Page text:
Sisters-in-Law by Lisa Sherman, Jill Schecter and Deborah Turchiano (Call #KF299.W6 S54 2004) a humorous guide about the nuts and bolts of practicing law, finding a specialty that suits a woman lawyer's talents and moving from one firm to another while addressing the varied demands of being single woman, facing motherhood and managing a family.
Gender on Trial: Sexual Stereotypes and Work/Life Balance in the Legal Workplace by Holly English (Call #KF299.W6 E54 2003) which examines gender stereotypes that continue to plague both women and men in the legal workplace in the form of male-only executive teams and management committees; sexist jokes; women resenting other ambitious women; men being unable to work reduced hours; and firms remaining hesitant to hire women fearing they might leave the firm to start a family.
Women's History Month celebrates the achievements of American women. It began in 1981 with Congress' passage of Pub. L. 97-28. The Law Library of Congress' page for Women's History Month has legislative history. March 8 marked the 100th anniversary of International Women's Day which was first celebrated on March 19, 1911 in Austria, Denmark, Germany and Switzerland, where more than one million women and men attended rallies to demand for women the right to vote and to hold public office, women's rights to work, to vocational training and to an end to discrimination on the job. See more at the UN International Women's Day website.
Thursday, March 3, 2011
Despite concerns that the Court would expand its ruling in Citizens United v. FEC, recognizing the First Amendment rights of corporations, to broader contexts such as the FOIA, the Court disagreed with AT&T. The case did not address constitutional issues but used plain language in statutory interpretation. Chief Justice John Roberts’ 15 page opinion, reversing the Third Circuit opinion in 582 F.3d 490 (2009), used other adjectives to demonstrate that an adjective does not always reflect the same meaning as the corresponding noun as shown in this passage:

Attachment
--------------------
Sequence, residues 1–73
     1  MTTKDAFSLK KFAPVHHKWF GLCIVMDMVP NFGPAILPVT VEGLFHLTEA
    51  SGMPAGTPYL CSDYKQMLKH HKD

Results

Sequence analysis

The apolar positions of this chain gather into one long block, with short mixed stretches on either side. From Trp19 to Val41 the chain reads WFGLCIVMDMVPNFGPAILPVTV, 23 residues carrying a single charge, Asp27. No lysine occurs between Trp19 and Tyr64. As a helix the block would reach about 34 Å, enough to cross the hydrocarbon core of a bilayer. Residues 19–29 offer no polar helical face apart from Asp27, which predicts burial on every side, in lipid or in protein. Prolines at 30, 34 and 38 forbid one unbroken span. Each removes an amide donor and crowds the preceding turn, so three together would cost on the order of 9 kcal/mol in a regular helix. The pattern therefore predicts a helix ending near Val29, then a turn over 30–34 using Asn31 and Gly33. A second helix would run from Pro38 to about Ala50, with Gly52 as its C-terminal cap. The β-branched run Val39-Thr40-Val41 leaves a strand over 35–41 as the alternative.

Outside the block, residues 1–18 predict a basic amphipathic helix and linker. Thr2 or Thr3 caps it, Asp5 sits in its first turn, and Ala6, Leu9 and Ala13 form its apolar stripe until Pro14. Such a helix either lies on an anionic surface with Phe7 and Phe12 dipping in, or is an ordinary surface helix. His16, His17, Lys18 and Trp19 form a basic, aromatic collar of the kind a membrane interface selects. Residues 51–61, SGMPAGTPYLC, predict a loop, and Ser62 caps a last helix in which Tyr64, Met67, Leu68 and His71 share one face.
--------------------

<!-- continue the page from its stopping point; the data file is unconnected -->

Adjectives typically reflect the meaning of corresponding nouns, but not always. Sometimes they acquire distinct meanings of their own. The noun “crab” refers variously to a crustacean and a type of apple, while the related adjective “crabbed” can refer to handwriting that is “difficult to read,” Webster’s Third New International Dictionary 527 (2002); “corny” can mean “using familiar and stereotyped formulas believed to appeal to the unsophisticated,” id., at 509, which has little to do with “corn,” id., at 507 (“the seeds of any of the cereal grasses used for food”); and while “crank” is “a part of anaxis bent at right angles,” “cranky” can mean “given to fretful fussiness.In conclusion, Justice Roberts wrote perhaps the wryest closing sentence in the history of the Court: "The protection in FOIA against disclosure of law enforcement information on the ground that it would constitute an unwarranted invasion of personal privacy does not extend to corporations. We trust that AT&T will not take it personally."
With statutes being most of the relevant law heard in federal courts, judicial interpretation of those statutes has been the subject of great attention and dispute over the years. The Theory and Practice of Statutory Interpretation by Frank B. Cross (Call #KF425 .C76 2009) in the Brooklyn Law School Library has insights into the theory and practice of statutory interpretation by courts.
Tuesday, March 1, 2011
This podcast features Robert Malesko, Brooklyn Law School Class of 2011, discussing his career as a law librarian in the California court system before coming to BLS. He talks as well about his legal research studies this semester and last at Brooklyn Law School where the law librarians teach courses in Advanced Legal Research. Rob is also working on a special project with Law Library Director Victoria Szymczak for the law school’s new LLM program for Foreign Trained-Lawyers. In addition, he tells of his upcoming work in the California court system in San Diego after graduation. For more about Rob, see an earlier post here.